RINA grants AiP for SDARI’s eco-friendly Aframax tanker design

Italian classification society RINA has granted approval in principle (AiP) to Chinese ship design company SDARI for an eco-friendly Aframax tanker design.


As informed, this vessel is the deliverable of the joint development project, which also includes TMS Tankers as the prospective owner and Finnish technology group Wärtsilä as the engine maker.

According to RINA, the design boasts a “unique” propulsion system, replacing the traditional setup of one 2-stroke main engine and three generators with two medium-speed engines. These engines are capable of powering both the vessel’s propulsion and hotel load.

This novel arrangement is expected to achieve improved fuel efficiency across all speed ranges when compared to today’s standard dual-fuel ships.

Moreover, the design provides a compliance path for shipowners, allowing them to operate close to 2040 without incurring additional costs, according to RINA.

At that point, depending on market dynamics, they can choose to either retrofit the engines to the prevailing global fuel or convert the natural gas to hydrogen fuel, capturing carbon atoms as CO2 for storage and disposal ashore.

“This milestone, celebrated during Posidonia 2024, reflects the strong cooperation between esteemed partners, with the AiP indicating that a detailed specification for building the ship is already in place. It underscores the design’s maturity and the comprehensive review of ship performance by all parties involved,” it was concluded.

To remind, SDARI received approval in principle from classification society Lloyd’s Register (LR) for ammonia-fueled 8,200 TEU boxship design. The design was developed in partnership with Swiss shipping giant MSC Mediterranean Shipping Company and MAN E&S, a subsidiary of German engine manufacturer MAN Energy Solutions (MAN ES).

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In a separate statement, RINA revealed it joined the SEA-LNG coalition. The classification society has carried out technology qualification, surveying during construction and classification of the first offshore floating storage regasification unit (FSRU).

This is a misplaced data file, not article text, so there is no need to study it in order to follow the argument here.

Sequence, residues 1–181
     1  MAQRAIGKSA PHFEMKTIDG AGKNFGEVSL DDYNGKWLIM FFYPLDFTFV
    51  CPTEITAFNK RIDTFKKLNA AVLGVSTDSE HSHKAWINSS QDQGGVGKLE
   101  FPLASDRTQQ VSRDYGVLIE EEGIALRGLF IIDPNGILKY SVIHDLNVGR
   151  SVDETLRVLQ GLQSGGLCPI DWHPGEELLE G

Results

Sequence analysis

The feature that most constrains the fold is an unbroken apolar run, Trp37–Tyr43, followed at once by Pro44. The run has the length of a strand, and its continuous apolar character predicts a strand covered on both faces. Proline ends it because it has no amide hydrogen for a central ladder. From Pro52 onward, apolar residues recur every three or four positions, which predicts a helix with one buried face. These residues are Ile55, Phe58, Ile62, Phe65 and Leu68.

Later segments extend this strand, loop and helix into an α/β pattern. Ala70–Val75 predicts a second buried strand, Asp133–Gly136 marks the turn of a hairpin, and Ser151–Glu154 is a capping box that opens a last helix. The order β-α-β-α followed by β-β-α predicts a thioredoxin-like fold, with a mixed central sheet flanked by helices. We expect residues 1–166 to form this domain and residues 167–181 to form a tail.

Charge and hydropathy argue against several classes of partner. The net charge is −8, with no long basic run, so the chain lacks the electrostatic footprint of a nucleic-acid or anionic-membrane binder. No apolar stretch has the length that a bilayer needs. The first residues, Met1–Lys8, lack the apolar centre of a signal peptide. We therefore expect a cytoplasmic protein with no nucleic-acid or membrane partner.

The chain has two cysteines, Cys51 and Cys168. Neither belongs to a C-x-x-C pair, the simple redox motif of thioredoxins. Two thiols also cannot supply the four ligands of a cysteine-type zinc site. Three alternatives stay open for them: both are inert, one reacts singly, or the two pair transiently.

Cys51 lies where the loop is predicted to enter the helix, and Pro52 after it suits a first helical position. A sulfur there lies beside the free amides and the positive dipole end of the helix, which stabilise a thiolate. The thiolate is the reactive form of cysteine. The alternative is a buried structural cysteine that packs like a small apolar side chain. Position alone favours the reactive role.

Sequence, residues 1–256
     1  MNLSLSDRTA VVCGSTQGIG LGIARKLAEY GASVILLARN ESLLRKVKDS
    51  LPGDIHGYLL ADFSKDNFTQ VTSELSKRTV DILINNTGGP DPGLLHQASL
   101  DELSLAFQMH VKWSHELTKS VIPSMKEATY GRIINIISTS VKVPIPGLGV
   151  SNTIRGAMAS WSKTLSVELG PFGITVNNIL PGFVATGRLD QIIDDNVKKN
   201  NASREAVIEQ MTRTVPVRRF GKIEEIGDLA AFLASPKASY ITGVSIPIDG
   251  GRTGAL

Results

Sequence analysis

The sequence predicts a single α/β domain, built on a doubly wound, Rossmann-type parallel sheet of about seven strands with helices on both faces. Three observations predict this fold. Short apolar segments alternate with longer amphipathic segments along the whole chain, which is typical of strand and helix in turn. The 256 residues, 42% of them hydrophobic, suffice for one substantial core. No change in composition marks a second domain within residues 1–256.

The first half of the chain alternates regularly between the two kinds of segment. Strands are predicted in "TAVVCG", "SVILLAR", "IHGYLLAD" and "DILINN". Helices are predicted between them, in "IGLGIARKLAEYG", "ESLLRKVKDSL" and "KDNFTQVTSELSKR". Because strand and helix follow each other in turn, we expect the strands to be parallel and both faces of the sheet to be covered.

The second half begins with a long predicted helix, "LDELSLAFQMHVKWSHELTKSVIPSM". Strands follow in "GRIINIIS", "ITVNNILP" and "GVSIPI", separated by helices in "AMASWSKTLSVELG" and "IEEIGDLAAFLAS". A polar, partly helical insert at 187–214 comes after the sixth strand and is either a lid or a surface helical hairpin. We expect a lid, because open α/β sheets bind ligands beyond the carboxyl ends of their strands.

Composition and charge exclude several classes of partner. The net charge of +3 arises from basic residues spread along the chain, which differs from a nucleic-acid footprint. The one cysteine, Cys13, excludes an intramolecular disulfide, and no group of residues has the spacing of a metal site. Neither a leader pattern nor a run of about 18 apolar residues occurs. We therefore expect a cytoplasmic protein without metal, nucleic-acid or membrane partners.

RINA has also classified the world’s first LNG-fuelled cruise ship and participated in various international research studies on using liquified natural gas (LNG) as a marine fuel.

The classification society recently announced a contract for the design, approval and construction supervision of the fourth and fifth Excel-class cruise ships for SEA-LNG member Carnival, with all vessels powered by LNG.

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In addition, a RINA-led study reveals that Well-to-Wake emissions in the Pilbara-to-Asia iron ore export trade route can be reduced by over 90% by 2050 through the use of LNG.

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Rotoboost, a global hydrogen technology company, also joined the coalition.

“The shipping industry’s decarbonisation debate is moving from theoretical discussions about what might work in the long-term future to what is practical and realistic right now. RINA and ROTOBOOST provide expertise, experience, and technological solutions that further unlock the potential of LNG and its pathway as the leading alternative marine fuel for the shipping industry today,” Peter Keller, SEA-LNG chairman, commented.

Like other members, they are actively demonstrating how we can chart a pragmatic course to net-zero greenhouse gas emissions from marine fuels through developments in liquefied biomethane and e-methane.”